Here, again, were stations with nothing going but a bell, and wonderful wooden razors set aloft on great posts, shaving the air. In these fields, the horses, sheep, and cattle were well used to the thundering meteor, and didn't mind; in those, they were all set scampering together, and a herd of pigs scoured after them. The pastoral country darkened, became coaly, became smoky, became infernal, got better, got worse, improved again, grew rugged, turned romantic; was a wood, a stream, a chain of hills, a gorge, a moor, a cathedral town, a fortified place, a waste. Now, miserable black dwellings, a black canal, and sick black towers of chimneys; now, a trim garden, where the flowers were bright and fair; now, a wilderness of hideous altars all a- blaze; now, the water meadows with their fairy rings; now, the mangy patch of unlet building ground outside the stagnant town, with the larger ring where the Circus was last week. The temperature changed, the dialect changed, the people changed, faces got sharper, manner got shorter, eyes got shrewder and harder; yet all so quickly, that the spruce guard in the London uniform and silver lace, had not yet rumpled his shirt-collar, delivered half the dispatches in his shiny little pouch, or read his newspaper.
Carlisle! Idle and Goodchild had got to Carlisle. It looked congenially and delightfully idle. Something in the way of public amusement had happened last month, and something else was going to happen before Christmas; and, in the meantime there was a lecture on India for those who liked it--which Idle and Goodchild did not. Likewise, by those who liked them, there were impressions to be bought of all the vapid prints, going and gone, and of nearly all the vapid books. For those who wanted to put anything in missionary boxes, here were the boxes. For those who wanted the Reverend Mr. Podgers (artist's proofs, thirty shillings), here was Mr. Podgers to any amount. Not less gracious and abundant, Mr. Codgers also of the vineyard, but opposed to Mr. Podgers, brotherly tooth and nail. Here, were guide-books to the neighbouring antiquities, and eke the Lake country, in several dry and husky sorts; here, many physically and morally impossible heads of both sexes, for young ladies to copy, in the exercise of the art of drawing; here, further, a large impression of MR. SPURGEON, solid as to the flesh, not to say even something gross. The working young men of Carlisle were drawn up, with their hands in their pockets, across the pavements, four and six abreast, and appeared (much to the satisfaction of Mr. Idle) to have nothing else to do. The working and growing young women of Carlisle, from the age of twelve upwards, promenaded the streets in the cool of the evening, and rallied the said young men. Sometimes the young men rallied the young women, as in the case of a group gathered round an accordion-player, from among whom a young man advanced behind a young woman for whom he appeared to have a tenderness, and hinted to her that he was there and playful, by giving her (he wore clogs) a kick.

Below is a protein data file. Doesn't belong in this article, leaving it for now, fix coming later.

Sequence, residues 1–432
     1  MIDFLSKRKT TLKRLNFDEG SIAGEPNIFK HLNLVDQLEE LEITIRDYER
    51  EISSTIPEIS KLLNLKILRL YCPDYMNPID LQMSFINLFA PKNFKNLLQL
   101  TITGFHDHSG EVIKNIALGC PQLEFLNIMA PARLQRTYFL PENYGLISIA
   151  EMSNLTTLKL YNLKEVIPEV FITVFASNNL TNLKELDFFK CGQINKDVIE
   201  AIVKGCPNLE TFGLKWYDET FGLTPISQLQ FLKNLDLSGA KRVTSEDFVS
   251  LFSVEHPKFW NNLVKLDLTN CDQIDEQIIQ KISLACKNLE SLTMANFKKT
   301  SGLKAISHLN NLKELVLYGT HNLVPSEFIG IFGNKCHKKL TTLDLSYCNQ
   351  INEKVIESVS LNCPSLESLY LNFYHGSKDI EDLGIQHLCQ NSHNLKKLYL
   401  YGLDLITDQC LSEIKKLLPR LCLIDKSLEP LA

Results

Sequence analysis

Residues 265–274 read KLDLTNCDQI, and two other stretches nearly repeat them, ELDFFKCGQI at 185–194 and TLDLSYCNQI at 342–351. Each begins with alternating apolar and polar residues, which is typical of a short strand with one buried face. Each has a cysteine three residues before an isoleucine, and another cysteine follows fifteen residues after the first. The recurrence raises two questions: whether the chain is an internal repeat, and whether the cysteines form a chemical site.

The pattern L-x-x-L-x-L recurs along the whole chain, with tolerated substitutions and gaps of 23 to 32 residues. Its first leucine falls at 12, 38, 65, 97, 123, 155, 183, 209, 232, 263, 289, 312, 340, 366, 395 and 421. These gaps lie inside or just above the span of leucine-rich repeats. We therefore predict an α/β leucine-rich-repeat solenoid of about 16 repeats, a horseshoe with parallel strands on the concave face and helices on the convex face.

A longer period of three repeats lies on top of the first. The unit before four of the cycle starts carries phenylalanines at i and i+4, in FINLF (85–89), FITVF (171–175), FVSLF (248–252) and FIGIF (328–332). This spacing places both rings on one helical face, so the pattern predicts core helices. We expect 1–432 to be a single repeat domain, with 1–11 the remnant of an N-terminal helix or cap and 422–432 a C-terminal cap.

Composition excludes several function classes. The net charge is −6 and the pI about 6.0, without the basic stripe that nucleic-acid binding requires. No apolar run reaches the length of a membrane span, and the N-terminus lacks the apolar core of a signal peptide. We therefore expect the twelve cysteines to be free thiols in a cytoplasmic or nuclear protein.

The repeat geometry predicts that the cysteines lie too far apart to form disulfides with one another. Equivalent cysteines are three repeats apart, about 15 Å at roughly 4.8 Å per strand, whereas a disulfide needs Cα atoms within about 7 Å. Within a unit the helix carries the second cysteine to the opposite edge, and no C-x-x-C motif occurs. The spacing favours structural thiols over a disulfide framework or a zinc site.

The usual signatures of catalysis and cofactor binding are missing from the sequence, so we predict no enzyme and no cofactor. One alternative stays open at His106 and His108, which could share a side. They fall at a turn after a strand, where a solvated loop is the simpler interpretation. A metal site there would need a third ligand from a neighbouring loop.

On market morning, Carlisle woke up amazingly, and became (to the two Idle Apprentices) disagreeably and reproachfully busy. There were its cattle market, its sheep market, and its pig market down by the river, with raw-boned and shock-headed Rob Roys hiding their Lowland dresses beneath heavy plaids, prowling in and out among the animals, and flavouring the air with fumes of whiskey.